Editor’s Pick
MARCH 11, 2011 8:20AM

Shame and Blame: the NYT's Coverage of Sexual Assault

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Last fall in Cleveland, TX, an eleven year old girl was brutally gang raped by eighteen young men.  An investigation began when the victim’s classmate told a teacher she had seen cellphone videos of the incident.  This week, the New York Times ran this article.


Since then, the blogosphere has been on fire.  At issue:  that the Times' story, “Vicious Assault Shakes Texas Town,” focuses on the aftermath in the community.  The boys’ lives that will never be the same.  The shock that a mother would leave her eleven-year-old unsupervised in a rough neighborhood.  That the victim “[wore] makeup and fashions more appropriate to a woman in her 20s.”


Sit with that for a moment.  


I don’t need to go into all of the reasons why mentioning what a child was wearing in a news story about a savage crime against her is reprehensible.  The victim blaming in this piece of “reporting” is so egregious it speaks for itself.  That the article focused more on how the “boys’” lives would be ruined (they ranged in age from middle schoolers to one 27-year-old) is bad enough on its own without my pointing out that nothing was said about the soul crushing death of a little girl’s childhood.


The New York Times’ response to the single letter to the editor they printed was, in short, that they were just reporting on what people said, reflecting the sentiments of those they interviewed accurately.  No one bothered to ask about the girl or her family, apparently.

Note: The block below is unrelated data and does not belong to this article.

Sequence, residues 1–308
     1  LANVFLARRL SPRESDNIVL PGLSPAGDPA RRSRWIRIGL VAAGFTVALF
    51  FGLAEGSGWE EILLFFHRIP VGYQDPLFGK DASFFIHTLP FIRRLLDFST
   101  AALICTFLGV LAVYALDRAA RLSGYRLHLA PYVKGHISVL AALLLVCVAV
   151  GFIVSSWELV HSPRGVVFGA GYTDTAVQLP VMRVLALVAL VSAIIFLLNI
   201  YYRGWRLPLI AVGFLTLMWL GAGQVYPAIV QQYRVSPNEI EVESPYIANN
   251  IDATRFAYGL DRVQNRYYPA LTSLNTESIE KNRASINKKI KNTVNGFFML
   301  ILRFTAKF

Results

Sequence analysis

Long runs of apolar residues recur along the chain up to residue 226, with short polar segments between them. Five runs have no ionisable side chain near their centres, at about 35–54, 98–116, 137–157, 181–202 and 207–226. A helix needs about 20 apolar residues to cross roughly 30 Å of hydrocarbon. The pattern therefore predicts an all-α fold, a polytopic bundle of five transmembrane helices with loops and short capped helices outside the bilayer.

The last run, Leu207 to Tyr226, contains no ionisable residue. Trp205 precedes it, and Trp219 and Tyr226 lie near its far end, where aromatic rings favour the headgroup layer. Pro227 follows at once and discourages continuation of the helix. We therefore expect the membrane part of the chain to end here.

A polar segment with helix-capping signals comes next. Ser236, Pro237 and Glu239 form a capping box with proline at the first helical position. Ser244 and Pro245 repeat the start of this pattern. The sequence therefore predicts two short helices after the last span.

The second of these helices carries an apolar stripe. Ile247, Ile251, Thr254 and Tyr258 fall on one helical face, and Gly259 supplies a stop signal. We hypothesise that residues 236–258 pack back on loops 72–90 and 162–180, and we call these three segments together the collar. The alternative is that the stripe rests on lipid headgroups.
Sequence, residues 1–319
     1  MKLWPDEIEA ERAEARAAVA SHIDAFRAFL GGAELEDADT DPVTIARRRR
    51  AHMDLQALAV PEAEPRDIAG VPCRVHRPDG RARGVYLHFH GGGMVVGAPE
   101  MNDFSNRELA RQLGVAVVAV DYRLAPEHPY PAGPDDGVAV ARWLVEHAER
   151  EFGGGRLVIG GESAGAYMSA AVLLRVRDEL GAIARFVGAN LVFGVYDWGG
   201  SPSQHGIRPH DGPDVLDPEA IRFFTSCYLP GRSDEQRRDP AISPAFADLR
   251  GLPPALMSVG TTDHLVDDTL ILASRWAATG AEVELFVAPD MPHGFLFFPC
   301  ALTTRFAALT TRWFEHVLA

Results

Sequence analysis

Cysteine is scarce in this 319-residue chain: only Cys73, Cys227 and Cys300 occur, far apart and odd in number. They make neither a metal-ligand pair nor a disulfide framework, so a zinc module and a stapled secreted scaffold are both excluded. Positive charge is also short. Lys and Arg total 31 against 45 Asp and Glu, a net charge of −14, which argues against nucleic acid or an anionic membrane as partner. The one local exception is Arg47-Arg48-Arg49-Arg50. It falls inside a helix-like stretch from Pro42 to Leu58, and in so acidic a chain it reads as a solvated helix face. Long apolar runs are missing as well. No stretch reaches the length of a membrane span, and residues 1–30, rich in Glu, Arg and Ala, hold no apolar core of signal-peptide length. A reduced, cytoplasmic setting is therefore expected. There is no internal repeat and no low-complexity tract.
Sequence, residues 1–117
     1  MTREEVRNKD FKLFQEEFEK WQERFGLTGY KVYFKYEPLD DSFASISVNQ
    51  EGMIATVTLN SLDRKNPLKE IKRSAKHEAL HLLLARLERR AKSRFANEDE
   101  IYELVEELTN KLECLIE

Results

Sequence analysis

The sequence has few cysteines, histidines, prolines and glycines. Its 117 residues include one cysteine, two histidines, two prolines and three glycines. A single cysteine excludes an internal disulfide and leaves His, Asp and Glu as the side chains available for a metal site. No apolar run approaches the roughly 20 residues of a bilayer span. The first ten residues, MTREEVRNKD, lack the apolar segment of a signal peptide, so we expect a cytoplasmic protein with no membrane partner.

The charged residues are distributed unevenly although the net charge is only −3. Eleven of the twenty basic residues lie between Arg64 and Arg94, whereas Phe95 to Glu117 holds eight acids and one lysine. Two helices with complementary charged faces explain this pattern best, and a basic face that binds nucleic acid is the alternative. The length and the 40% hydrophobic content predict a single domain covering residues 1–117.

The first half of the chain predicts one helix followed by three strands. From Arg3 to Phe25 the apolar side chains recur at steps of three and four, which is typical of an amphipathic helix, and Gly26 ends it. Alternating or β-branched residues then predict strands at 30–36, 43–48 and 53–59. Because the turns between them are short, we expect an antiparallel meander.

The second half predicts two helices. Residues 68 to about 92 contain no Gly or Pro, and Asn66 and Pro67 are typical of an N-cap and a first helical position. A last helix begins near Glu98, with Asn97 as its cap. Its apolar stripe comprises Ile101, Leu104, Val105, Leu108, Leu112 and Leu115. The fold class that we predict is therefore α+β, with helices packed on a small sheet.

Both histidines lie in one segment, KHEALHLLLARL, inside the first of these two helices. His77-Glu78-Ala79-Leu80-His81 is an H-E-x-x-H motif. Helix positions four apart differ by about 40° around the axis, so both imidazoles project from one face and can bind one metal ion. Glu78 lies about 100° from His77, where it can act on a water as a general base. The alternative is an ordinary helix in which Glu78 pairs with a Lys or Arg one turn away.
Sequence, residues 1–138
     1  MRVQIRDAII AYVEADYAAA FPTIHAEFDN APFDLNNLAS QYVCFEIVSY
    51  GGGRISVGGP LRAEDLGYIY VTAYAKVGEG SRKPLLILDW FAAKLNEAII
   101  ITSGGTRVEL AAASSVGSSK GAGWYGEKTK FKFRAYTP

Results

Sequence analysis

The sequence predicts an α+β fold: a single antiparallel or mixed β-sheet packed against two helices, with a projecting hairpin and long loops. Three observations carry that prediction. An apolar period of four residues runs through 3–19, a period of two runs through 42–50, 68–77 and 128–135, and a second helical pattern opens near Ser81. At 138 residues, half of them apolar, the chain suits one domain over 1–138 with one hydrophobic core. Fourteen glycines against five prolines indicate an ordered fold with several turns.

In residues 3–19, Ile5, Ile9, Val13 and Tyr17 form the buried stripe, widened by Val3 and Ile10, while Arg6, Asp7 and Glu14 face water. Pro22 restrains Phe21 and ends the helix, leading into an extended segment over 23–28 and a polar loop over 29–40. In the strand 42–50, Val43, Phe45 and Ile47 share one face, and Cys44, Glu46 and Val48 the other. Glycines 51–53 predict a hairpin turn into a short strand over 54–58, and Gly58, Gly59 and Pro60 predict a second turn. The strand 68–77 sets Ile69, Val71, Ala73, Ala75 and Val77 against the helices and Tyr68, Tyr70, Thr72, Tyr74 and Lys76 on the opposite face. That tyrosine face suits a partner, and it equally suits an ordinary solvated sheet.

To be fair, perhaps it doesn’t need to be said that a crime like this is monstrous or that the victim’s life was ruined.  That is more than understood.  Perhaps concern for the child’s privacy entered into the picture on some level.  But none of that excuses the fact that the article mentioned what she was wearing, and printed a quote from the child’s neighbor, “What was her mother thinking?”  Don’t those boys have mothers too?  


How a major news outlet could still be perpetuating a rape culture and defending it as “reporting,” truly defies imagination.  On a personal level, everything from the atrocity itself to the reporting to the Times’ defense, fills me with despair.  All this time, I have thought my teenaged daughters were living in a more enlightened time, or that at least by steering them to the most enlightened outlets for information, I would be protecting them from such myths.  I was wrong.






(For an excellent overview of this issue and an intelligent discussion about the language of sexual assault, please read this article by Roxane Gay at The Rumpus.)



Update:  Friday afternoon, the New York Times Public Editor posted this response.  (The public editor is a "readers' representative whose views are his own.)






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